Movie lovers know that the best costumes are invisible. Not emperor’s clothes or Wonder Woman’s plane invisible. More like the swaggering pirate Jack Sparrow (Johnny Depp) in "Pirates of the Caribbean" or the vulnerably glamorous opera singer Christine Daaé (Emmy Rossum) in "The Phantom of the Opera." Invisible in the sense that you can’t imagine the character dressed any other way.
Costumes worn by both characters are part of "CUT! Costume and the Cinema," one of the numerous indoor and outdoor attractions nestled among the 100 acres of the Heritage Museum & Gardens in Sandwich.
The entertaining exhibit features film costumes from the collection of Cosprop, a regaled British design house, founded by costumer John Bright. (It runs through Oct. 10 and there’s a guided tour planned for Saturday, Oct. 1 as part of ArtWeek Boston.)
To most moviegoers, Bright and his company are as invisible as their artistic creations. Yet Cosprop is responsible for outfitting some of the most memorable period dramas of the last four decades, including “Downton Abbey."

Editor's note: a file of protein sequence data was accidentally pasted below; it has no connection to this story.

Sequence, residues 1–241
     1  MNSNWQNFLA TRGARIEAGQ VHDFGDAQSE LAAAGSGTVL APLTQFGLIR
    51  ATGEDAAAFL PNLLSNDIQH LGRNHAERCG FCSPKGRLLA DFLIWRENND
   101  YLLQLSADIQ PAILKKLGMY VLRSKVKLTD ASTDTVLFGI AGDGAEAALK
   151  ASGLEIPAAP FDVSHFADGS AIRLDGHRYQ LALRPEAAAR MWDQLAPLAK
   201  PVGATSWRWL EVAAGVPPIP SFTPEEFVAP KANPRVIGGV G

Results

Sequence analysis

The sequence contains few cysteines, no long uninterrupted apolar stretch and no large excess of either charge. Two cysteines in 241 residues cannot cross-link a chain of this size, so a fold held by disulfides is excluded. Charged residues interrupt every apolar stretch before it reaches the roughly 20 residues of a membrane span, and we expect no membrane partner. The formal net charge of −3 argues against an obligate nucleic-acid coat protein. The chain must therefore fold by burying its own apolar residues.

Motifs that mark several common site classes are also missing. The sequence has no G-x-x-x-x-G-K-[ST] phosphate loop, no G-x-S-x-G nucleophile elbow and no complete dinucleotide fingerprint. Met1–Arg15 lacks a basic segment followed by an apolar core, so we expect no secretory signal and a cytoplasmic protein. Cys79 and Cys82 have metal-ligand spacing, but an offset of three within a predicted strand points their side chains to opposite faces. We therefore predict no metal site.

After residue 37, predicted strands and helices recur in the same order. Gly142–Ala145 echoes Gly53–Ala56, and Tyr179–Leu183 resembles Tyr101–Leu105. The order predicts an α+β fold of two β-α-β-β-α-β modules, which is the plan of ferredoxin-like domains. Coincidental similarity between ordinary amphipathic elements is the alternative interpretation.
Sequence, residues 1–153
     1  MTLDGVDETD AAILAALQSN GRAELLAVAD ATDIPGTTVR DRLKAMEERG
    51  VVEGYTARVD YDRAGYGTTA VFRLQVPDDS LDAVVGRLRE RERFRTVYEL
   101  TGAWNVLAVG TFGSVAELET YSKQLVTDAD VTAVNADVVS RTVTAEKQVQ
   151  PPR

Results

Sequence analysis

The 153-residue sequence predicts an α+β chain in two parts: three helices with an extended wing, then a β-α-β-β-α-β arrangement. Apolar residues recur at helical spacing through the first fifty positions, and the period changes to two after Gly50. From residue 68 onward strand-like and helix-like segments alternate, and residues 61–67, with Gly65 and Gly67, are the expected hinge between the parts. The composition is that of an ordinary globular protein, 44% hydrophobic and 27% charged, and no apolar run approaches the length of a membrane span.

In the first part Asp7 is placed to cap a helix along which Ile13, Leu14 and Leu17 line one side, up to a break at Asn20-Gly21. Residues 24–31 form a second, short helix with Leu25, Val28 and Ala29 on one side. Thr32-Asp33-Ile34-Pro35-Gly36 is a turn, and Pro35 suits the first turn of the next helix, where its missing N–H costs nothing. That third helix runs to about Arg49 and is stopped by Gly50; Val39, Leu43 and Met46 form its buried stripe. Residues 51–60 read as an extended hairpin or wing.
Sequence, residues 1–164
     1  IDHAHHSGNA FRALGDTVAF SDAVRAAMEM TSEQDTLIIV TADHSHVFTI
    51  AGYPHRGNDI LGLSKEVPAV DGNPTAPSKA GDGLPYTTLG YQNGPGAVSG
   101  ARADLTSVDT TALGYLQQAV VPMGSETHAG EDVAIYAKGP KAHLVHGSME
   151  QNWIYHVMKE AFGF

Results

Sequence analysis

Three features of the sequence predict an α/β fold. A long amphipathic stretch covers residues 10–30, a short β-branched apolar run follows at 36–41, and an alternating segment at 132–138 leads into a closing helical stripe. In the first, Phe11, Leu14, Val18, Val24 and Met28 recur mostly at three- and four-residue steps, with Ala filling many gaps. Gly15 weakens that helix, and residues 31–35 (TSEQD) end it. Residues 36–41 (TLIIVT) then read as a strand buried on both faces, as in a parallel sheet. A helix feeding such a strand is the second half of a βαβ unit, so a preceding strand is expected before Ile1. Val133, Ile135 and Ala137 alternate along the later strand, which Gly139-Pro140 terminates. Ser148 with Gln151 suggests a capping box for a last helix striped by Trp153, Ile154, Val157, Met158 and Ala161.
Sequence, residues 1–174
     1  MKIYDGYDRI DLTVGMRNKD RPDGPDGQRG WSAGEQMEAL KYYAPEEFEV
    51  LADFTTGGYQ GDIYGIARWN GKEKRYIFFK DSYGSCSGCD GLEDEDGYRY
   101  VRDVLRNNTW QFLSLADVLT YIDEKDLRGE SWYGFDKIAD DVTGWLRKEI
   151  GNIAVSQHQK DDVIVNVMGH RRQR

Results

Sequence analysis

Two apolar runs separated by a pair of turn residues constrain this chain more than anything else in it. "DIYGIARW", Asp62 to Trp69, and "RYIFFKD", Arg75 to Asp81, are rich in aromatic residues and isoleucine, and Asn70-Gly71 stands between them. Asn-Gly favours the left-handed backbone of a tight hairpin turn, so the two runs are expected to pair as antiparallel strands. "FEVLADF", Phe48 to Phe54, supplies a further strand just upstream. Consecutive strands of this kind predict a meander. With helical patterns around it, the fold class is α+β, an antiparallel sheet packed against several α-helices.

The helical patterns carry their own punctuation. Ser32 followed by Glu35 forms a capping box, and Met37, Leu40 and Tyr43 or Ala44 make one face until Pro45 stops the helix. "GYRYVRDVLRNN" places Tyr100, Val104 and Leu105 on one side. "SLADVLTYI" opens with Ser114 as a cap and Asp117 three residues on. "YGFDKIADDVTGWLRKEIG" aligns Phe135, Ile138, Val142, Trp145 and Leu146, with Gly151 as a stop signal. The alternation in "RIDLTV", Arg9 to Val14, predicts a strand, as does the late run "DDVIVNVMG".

"It’s amazing to see the range of silhouettes, how identities have changed over time, and what was thought of as beautiful,” said MassArt professor Jennifer Varekamp. She spoke by phone a few days after delivering a lecture on the relationship between costume and fashion at the museum. “A lot of research and development goes into making something accurate,” she explained.
From the museum's entrance, "CUT" is a scenic walk along a hilly path that cuts through a hydrangea test garden and is punctuated by installations of fiber artists in a related exhibit called, "Natural Threads." A red carpet leads into the special exhibits gallery where the costumes are, for the most part, arranged chronologically. They're from films made between 1992 and 2009 and they reflect more than 500 years of fashion history, starting with "Ever After" set in 1510 and ending with "Land of the Blind" set in an unspecified post-war era.